Trench is the son of Richard Trench (1774–1860), barrister-at-law, and the Dublin writer Melesina Chenevix (1768–1827). His elder brother is Francis Chenevix Trench. He is educated at Harrow School, and graduates from Trinity College, Cambridge in 1829. In 1830 he visits Spain. While incumbent of Curdridge Chapel near Bishop’s Waltham in Hampshire, he publishes The Story of Justin Martyr and Other Poems (1835), which is favourably received, and is followed by Sabbation, Honor Neale, and other Poems (1838), and Poems from Eastern Sources (1842). These volumes reveal the author as the most gifted of the immediate disciples of William Wordsworth, with a warmer colouring and more pronounced ecclesiastical sympathies than the master, and strong affinities to Alfred, Lord Tennyson, John Keble and Richard Monckton Milnes.

In 1841 Trench resigns his living to become curate to Samuel Wilberforce, then rector of Alverstoke, and upon Wilberforce’s promotion to the deanery of Westminster Abbey in 1845 he is presented to the rectory of Itchen Stoke. In 1845 and 1846 he preaches the Hulsean Lectures, and in the former year is made examining chaplain to Wilberforce, now Bishop of Oxford. He is shortly afterwards appointed to a theological chair at King’s College London.

Trench joins the Canterbury Association on March 27, 1848, on the same day as Samuel Wilberforce and Wilberforce’s brother Robert.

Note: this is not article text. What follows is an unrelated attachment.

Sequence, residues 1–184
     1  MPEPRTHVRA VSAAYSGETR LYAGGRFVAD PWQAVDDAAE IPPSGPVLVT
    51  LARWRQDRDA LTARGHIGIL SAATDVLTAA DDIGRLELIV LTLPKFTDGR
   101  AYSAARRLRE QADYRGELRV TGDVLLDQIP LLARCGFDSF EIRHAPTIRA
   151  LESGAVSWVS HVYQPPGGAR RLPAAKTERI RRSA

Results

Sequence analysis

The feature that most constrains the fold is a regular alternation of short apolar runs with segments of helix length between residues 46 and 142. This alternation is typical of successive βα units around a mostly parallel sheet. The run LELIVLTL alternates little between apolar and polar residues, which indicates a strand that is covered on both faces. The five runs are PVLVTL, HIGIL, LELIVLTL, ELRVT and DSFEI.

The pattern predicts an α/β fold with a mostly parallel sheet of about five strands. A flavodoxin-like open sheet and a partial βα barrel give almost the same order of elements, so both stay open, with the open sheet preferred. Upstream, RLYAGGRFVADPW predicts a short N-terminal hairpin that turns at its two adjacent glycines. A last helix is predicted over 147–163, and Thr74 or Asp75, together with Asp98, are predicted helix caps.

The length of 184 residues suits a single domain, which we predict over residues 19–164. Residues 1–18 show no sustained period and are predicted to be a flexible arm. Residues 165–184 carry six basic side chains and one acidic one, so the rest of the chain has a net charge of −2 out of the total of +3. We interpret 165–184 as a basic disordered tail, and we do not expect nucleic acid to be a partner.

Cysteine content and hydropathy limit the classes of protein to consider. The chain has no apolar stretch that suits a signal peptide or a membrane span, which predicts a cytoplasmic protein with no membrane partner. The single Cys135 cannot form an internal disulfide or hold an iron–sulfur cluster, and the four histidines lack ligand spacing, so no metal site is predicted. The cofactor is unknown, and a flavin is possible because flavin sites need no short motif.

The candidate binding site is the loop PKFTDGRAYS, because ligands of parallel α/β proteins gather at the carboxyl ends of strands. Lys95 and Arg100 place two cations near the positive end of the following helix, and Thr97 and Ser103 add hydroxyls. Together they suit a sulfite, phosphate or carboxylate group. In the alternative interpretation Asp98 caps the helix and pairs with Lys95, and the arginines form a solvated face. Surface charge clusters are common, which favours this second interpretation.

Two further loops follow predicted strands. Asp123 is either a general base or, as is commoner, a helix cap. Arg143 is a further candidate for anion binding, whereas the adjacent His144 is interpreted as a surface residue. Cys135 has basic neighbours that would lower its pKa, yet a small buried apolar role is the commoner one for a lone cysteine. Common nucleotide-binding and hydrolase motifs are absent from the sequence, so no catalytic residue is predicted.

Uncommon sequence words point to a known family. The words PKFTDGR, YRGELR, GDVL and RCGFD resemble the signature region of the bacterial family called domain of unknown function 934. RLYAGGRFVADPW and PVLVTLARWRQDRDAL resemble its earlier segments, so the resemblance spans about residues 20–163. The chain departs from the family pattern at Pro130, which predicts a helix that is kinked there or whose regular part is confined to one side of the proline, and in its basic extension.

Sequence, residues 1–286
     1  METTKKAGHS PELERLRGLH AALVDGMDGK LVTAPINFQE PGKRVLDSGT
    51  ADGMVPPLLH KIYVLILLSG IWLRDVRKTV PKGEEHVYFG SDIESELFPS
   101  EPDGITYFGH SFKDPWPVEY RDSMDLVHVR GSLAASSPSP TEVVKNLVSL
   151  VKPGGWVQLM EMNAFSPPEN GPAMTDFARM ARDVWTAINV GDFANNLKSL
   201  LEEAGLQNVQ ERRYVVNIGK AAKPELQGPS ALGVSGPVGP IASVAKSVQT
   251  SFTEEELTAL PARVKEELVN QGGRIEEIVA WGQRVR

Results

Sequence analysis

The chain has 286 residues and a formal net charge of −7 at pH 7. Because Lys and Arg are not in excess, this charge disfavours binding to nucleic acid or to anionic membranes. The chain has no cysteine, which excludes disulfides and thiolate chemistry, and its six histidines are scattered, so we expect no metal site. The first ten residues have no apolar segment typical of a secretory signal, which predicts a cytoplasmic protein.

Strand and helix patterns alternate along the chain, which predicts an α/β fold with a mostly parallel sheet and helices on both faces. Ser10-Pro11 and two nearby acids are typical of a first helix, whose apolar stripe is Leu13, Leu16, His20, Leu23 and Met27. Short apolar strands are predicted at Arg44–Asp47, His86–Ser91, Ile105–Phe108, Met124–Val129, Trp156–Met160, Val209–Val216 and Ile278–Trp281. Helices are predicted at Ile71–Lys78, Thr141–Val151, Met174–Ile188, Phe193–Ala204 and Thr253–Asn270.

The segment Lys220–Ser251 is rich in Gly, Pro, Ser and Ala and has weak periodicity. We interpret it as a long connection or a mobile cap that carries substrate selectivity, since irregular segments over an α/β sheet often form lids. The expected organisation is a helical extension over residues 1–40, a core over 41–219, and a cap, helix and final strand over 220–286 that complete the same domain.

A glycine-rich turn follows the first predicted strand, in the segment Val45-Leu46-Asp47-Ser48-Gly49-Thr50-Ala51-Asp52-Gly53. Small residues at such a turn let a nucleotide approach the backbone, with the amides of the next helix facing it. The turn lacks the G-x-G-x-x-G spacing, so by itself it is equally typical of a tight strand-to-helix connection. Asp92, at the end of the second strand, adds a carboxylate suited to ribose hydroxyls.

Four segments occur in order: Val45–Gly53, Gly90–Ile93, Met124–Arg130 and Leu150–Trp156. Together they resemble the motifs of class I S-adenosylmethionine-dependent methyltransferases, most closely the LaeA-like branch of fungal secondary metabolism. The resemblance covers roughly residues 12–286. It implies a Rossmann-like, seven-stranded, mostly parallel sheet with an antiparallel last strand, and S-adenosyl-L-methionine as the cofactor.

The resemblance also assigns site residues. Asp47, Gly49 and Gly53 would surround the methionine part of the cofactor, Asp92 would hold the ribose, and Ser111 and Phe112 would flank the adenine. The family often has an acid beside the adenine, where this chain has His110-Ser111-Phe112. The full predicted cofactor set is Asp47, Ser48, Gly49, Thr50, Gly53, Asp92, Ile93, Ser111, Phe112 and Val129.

In 1851 Trench establishes his fame as a philologist by The Study of Words, originally delivered as lectures to the pupils of the Diocesan Training School, Winchester. His stated purpose is to demonstrate that in words, even taken singly, “there are boundless stores of moral and historic truth, and no less of passion and imagination laid up” — an argument which he supports by a number of apposite illustrations. It is followed by two little volumes of similar character — English Past and Present (1855) and A Select Glossary of English Words (1859). All have gone through numerous editions and have contributed much to promote the historical study of the English tongue. Another great service to English philology is rendered by his paper, read before the Philological Society, On some Deficiencies in our English Dictionaries (1857), which gives the first impulse to the great Oxford English Dictionary. He envisages a totally new dictionary that is a “lexicon totius Anglicitatis.” As one of the three founders of the dictionary, he expresses his vision that it will be “an entirely new Dictionary; no patch upon old garments, but a new garment throughout.”

Trench’s advocacy of a revised translation of the New Testament (1858) helps promote another great national project. In 1856 he publishes a valuable essay on Pedro Calderón de la Barca, with a translation of a portion of Life is a Dream in the original metre. In 1841 he had published his Notes on the Parables of our Lord, and in 1846 his Notes on the Miracles, popular works which are treasuries of erudite and acute illustration.

In 1856 Trench becomes Dean of Westminster Abbey, a position which suits him. Here he introduces evening nave services. In January 1864 he is advanced to the post of Archbishop of Dublin. Arthur Penrhyn Stanley had been first choice, but is rejected by the Church of Ireland, and, according to Bishop Wilberforce’s correspondence, Trench’s appointment is favoured neither by the Prime Minister nor the Lord Lieutenant. It is, moreover, unpopular in Ireland, and a blow to English literature, yet it turns out to be fortunate. He cannot prevent the disestablishment of the Church of Ireland, though he resists with dignity. But, when the disestablished communion has to be reconstituted under the greatest difficulties, it is important that the occupant of his position should be a man of a liberal and genial spirit.